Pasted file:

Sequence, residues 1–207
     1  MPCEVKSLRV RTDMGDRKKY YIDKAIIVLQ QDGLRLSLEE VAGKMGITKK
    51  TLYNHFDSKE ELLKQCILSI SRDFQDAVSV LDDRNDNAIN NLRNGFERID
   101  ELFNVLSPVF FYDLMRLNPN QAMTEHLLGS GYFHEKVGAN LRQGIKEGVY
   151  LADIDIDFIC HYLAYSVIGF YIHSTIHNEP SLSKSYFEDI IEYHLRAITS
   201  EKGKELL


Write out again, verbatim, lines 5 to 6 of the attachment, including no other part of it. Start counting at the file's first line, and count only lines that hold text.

   151  LADIDIDFIC HYLAYSVIGF YIHSTIHNEP SLSKSYFEDI IEYHLRAITS
   201  EKGKELL